Austin Kendall: Transfer Quarterback Déjà Vu

Do you believe in second chances? How about a third?

That’s what Louisiana Tech fans will have to ponder after the news broke this week that Austin Kendall has arrived in Ruston to take over the starting QB spot that neither Aaron Allen nor Luke Anthony could claim as their own.

Kendall started at the University of Oklahoma before transferring to West Virginia before transferring to Louisiana Tech.

It’s easy to compare Austin Kendall to another former Tech quarterback, Jeff Driskel. The University of Florida transfer led the Bulldogs to an 8-4 record punctuated with a dominating victory over Sun Belt champion Arkansas State in the 2015 New Orleans Bowl.

Fist pumps are always a good sign

But before the career salvation in Ruston, the success of the Jeff Driskel experiment was by no means a certainty. Tech was at a high point, winning its first bowl game in six years. Meanwhile, Driskel had been relegated from full-time starter to the quarterback equivalent of a janitor, only appearing for mop-up duty.

Coming off of an injury, Driskel started off the 2014 season slow for the Gators, but it was the back-to-back losses to Tigers (both the LSU and Missouri kind) that put him on the bench. There was more to Florida’s struggles than just Jeff Driskel, but it turns out a QB can be a pretty good scapegoat.

The pressure on Jeff Driskel started the day he stepped on campus. The top pro-style quarterback in the nation coming out of high school, Driskel was expected to replace the best quarterback in the history of Florida Gators football: Tim Tebow.

Taking a step back, and playing in a much lower pressure environment for a C-USA school did wonders for Driskel. Even if it wasn’t obvious from the beginning that it would all work out:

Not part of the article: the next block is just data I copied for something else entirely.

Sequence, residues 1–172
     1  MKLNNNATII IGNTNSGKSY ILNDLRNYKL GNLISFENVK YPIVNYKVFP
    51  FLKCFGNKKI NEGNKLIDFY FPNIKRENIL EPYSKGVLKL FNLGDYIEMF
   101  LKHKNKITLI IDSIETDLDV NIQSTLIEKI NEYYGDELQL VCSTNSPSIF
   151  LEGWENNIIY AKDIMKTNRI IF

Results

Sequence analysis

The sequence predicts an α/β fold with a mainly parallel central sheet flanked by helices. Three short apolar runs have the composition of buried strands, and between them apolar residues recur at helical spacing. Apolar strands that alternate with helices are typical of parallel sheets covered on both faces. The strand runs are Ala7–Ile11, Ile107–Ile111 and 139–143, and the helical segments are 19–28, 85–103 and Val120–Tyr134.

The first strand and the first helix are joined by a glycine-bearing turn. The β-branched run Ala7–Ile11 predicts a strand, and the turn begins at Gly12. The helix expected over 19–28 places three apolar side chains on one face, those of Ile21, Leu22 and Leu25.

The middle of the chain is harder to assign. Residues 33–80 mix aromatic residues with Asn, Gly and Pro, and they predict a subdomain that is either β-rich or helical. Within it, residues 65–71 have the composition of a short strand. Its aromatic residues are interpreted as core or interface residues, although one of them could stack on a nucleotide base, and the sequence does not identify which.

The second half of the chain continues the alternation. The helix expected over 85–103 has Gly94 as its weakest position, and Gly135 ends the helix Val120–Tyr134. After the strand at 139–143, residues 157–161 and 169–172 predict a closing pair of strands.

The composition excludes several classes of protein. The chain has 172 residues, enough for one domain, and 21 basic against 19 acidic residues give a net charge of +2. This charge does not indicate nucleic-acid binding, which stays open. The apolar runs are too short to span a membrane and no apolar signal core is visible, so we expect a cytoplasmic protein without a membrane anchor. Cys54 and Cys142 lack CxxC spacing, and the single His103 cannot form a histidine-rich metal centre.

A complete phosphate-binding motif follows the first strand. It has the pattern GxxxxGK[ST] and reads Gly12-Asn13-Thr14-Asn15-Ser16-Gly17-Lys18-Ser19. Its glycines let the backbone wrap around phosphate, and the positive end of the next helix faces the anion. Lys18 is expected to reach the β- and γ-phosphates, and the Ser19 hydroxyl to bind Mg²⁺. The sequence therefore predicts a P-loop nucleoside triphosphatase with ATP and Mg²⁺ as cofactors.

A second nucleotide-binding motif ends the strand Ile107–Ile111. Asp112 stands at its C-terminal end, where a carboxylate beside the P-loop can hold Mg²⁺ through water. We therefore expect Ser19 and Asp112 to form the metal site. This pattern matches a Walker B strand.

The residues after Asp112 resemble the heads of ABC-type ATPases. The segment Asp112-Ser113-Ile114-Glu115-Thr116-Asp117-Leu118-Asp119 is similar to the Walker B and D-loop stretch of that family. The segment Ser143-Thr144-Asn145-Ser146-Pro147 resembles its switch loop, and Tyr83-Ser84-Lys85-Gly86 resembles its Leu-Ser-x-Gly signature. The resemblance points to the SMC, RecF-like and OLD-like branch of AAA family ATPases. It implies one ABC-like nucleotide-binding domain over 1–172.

Just remember kids, your bad takes stay on the internet forever

The Austin Kendall story has a similar prologue.

A Top 10 QB coming out of high school, Kendall was asked to succeed one of the best quarterbacks in the history of the Oklahoma program: Baker Mayfield.

Sooner or later, he was going to transfer out

But unlike Driskel, Kendall never got his chance to try to live up to a legend. Kyler Murray transferred in from Texas A&M to replace Mayfield, and Jalen Hurts transferred in to replace Murray. Austin Kendall realized that he never going to be the starter in Oklahoma.

So (after a long battle), Kendall took country roads closer to home and transferred to fellow Big-12 school West Virginia.

But just as Gainesville wasn’t kind to Jeff Driskel in the end, Morgantown eventually turned its back on Austin Kendall.

Kendall didn’t play his best football for the Mountaineers, but his 61.5% completion percentage and 12 TD to 10 INT ratio were hardly the biggest issues plaguing West Virginia football in 2019. But after leading WVU to a 3-6 record to start the 2019 season, Kendall yet again watched games from the sidelines, as Jarret Doege took his job.

Yet that benching wasn’t the end of Austin Kendall’s story at West Virginia. And it wasn’t for Driskel at Florida.

In Driskel’s last game in a Florida uniform, his replacement (Treon Harris) went down with an elbow injury. And Jeff Driskel did in Birmingham what he would do a year later in New Orleans for Tech: he won his team a bowl game.

Kendall is already accustomed to playing for a team with a patriotic helmet

Austin Kendall’s last moments in Blue and Old Gold mimicked Driskel’s in Blue and Orange. Kendall also replaced his replacement in a bowl game (this time the Liberty Bowl) and ended his day by lifting a trophy.

The stories are similar, but Austin Kendall is not Jeff Driskel. Driskel was successful at Louisiana Tech. Not just by leading Tech to a bowl victory, but by proving he was a good quarterback, regardless of what the Gator-haters said. His season in Ruston earned him a late-round draft pick, and he remains on an NFL roster to this day, five years later.

Kendall hopes for a similar redemption story. But he’s not alone.

Luke McCaffrey hopes to prove himself at QB at Rice. Former NC State starter Bailey Hockman hopes to lead Middle Tennessee to its first Conference USA championship. Four-star Jace Ruder never got his shot at North Carolina, but he’ll try his luck at North Texas. And Bailey Zappe at Western Kentucky will try to accomplish what Luke Anthony failed at – turn his FCS success into FBS success.

So unlike Driskel, Austin Kendall isn’t a lone wolf in the conference adorning a new uniform this season. But Kendall has been down this road before. He legitimately has the experience now of being the new guy in a locker room. It didn’t work out at Oklahoma, and it didn’t work out at West Virginia. But maybe that’s exactly why it’ll work out at Louisiana Tech.

Jeff Driskel taught me to believe in second chances. I hope Austin Kendall teaches me to believe in thirds.

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